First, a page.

The safety and efficacy of use of low-molecular-weight heparin in pediatric neurosurgical patients

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  • Division of Pediatric Neurosurgery, Texas Children’s Hospital, and Department of Neurosurgery, Baylor College of Medicine, Houston, Texas
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OBJECT

Low-molecular-weight heparins (LMWHs), mainly enoxaparin, offer several advantages over standard anticoagulation therapies such as unfractionated heparin and warfarin, including predictable pharmacokinetics, minimal monitoring, and subcutaneous administration. The purpose of this study was to determine the safety and efficacy of LMWHs in pediatric neurosurgical patients.

METHODS

A retrospective study was performed with patients 18 years old or younger who were admitted to the Pediatric Neurosurgery Service at Texas Children's Hospital and treated with LMWH for either therapeutic or prophylactic purposes between March 1, 2011, and December 30, 2013. Demographic and clinical features and outcomes were recorded.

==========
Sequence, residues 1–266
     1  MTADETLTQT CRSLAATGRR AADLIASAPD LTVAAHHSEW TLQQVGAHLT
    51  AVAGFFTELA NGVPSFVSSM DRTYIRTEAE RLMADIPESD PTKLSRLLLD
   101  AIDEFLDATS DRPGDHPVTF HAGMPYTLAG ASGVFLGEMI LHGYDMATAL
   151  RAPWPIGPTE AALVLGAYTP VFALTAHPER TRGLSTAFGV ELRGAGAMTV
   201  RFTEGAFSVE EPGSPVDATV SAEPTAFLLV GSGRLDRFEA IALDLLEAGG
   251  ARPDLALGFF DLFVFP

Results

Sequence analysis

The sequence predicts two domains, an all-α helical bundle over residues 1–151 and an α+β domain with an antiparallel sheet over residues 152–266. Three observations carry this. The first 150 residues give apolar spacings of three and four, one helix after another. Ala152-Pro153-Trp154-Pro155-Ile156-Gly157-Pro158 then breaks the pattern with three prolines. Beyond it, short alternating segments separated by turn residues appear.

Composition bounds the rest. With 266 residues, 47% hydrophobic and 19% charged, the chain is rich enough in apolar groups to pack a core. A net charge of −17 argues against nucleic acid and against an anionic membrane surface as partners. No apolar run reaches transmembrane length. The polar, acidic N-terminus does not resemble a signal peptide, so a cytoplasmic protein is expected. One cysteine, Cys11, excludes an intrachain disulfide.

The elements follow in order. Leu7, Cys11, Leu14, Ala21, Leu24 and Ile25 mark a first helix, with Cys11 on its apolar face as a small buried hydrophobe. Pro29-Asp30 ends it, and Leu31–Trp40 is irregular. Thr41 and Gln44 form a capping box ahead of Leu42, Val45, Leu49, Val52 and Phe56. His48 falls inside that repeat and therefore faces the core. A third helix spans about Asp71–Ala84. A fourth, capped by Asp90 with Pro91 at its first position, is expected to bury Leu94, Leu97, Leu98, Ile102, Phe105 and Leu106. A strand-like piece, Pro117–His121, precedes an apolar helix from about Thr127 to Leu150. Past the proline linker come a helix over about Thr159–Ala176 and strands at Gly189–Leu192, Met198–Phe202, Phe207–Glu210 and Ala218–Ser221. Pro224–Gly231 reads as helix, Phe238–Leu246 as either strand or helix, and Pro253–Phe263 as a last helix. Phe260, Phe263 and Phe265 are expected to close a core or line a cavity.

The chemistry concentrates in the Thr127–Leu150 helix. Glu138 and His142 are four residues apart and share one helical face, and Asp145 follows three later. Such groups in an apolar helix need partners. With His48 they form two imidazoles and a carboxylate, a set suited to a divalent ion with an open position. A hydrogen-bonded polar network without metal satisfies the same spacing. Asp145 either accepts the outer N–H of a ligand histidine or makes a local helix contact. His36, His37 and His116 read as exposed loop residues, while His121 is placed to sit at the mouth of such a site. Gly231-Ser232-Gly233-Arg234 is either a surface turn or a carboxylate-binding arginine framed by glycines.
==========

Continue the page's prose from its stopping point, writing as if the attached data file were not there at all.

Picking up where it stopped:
RESULTS

LMWH was administered for treatment of venous thromboembolic events (VTEs) in 17 children and for prophylaxis in 24 children. Clinical resolution of VTEs occurred in 100% (17 of 17) of patients receiving therapeutic doses of LMWH. No patient receiving prophylactic doses of LMWH developed a new VTE. Major or minor bleeding complications occurred in 18% (3 of 17 children) and 4% (1 of 24 children) of those receiving therapeutic and prophylactic doses, respectively. All 4 patients who experienced hemorrhagic complications had other bleeding risk factors—i.e., coagulopathies and antiplatelet medications.

CONCLUSIONS

LMWH seems to be safe and efficacious for both management and prophylaxis of VTEs in pediatric neurosurgery. However, pediatric practitioners should be aware of higher risk for bleeding complications with increasing doses of LMWH, especially in patients with preexisting bleeding disorders or concurrent use of antiplatelet agents.

ABBREVIATIONSLMWH = low-molecular-weight heparin; VTE = venous thromboembolic event.

OBJECT

Low-molecular-weight heparins (LMWHs), mainly enoxaparin, offer several advantages over standard anticoagulation therapies such as unfractionated heparin and warfarin, including predictable pharmacokinetics, minimal monitoring, and subcutaneous administration. The purpose of this study was to determine the safety and efficacy of LMWHs in pediatric neurosurgical patients.

METHODS

A retrospective study was performed with patients 18 years old or younger who were admitted to the Pediatric Neurosurgery Service at Texas Children's Hospital and treated with LMWH for either therapeutic or prophylactic purposes between March 1, 2011, and December 30, 2013. Demographic and clinical features and outcomes were recorded.

RESULTS